IGMF. Through **the** WHIM, which mostly composes filaments, ⟨RM⟩rms = 1.41 rad m−2 .

This agrees well with **the** value predicted with **the** mean strength and coherence length of

**the** IGMF in filaments by Cho & Ryu (2009). However, this is an order of magnitude smaller

than **the** values of |RM| **to**ward **the** Hercules and Perseus-Pisces superclusters reported in

Xu et al. (2006). The difference is mostly **due** **to** **the** mass-weighted path length; **the** value

quoted by Xu et al. (2006) is about two orders of magnitude larger than ours. Through

**the** hot gas with 107 < T < 108 K, ⟨RM⟩rms = 108 rad m−2 , which is in good agreement

with RM observations of galaxy clusters (Clarke et al. 2001; Clarke 2004). Through **the** hot

gas, however, we found RM of up **to** � 1000 rad m−2 . This should be an artifact of limited

resolution (see Discussion). So **the** values for **the** hot gas in our work should not be taken

seriously.

Finally, we calculated **the** two-dimensional power spectrum of RM on 3×16 (directions×

runs) projected planes; PRM(k) ∼ |RM( ⃗ k)| 2 k, where RM( ⃗ k) is **the** Fourier transform of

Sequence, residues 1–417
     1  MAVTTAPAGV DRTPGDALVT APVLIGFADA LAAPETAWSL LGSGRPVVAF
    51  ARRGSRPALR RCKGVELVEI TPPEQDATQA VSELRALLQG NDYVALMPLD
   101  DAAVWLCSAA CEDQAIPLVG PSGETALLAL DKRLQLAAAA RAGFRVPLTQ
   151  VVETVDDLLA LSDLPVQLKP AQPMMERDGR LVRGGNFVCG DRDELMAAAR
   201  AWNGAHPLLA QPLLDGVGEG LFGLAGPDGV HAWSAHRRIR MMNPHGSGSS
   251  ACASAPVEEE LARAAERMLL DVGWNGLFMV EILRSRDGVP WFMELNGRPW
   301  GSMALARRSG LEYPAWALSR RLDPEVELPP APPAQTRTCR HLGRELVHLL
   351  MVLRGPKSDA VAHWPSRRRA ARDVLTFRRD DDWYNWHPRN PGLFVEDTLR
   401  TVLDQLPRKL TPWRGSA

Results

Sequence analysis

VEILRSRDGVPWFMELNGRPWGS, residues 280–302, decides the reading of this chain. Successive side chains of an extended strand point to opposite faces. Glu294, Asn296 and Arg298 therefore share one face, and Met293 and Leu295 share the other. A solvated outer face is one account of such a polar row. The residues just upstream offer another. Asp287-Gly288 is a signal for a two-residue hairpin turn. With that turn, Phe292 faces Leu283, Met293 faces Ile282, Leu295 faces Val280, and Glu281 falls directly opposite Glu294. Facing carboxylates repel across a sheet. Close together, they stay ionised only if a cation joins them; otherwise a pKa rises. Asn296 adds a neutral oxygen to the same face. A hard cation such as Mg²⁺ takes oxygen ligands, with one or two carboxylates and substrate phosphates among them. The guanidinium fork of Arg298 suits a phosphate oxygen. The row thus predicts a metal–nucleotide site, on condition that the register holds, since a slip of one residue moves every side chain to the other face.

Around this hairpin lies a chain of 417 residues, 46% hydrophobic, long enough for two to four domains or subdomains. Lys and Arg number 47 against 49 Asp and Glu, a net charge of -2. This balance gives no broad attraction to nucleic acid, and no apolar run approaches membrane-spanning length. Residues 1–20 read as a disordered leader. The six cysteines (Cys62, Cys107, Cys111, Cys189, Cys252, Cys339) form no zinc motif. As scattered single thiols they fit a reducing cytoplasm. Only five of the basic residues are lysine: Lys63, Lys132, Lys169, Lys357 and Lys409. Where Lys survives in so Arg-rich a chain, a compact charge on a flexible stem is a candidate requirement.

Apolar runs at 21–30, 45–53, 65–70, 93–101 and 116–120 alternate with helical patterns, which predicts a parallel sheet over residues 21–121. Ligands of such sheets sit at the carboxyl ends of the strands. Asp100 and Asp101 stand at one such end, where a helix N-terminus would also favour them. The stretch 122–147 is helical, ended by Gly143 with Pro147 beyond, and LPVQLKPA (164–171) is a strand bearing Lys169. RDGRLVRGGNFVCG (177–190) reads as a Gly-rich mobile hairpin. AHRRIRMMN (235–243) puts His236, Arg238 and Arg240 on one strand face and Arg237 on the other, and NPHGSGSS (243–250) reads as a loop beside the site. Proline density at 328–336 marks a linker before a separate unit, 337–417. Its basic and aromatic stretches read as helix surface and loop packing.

RM(⃗x) on planes. Figure 4 shows **the** resulting power spectrum along with **the** power spectra

of electron density, magnetic fields, and **the** curl component of flow motions, ⃗vcurl, which

– 6 –

satisfies **the** relation ⃗ ∇ × ⃗vcurl ≡ ⃗ ∇ × ⃗v. The power spectrum of RM peaks at k ∼ 100,

which corresponds **to** ∼ 1 h −1 Mpc. Cosmic variance is not significant around **the** peak,

although it is larger at smaller k, as expected. The power spectrum of RM reflects **the**

spatial distributions of electron density, ne, and LOS magnetic field, B∥. The power spectra of

projected ne and projected B∥, have peaks at ∼ 3 h −1 Mpc and ∼ 1.5 h −1 Mpc, respectively.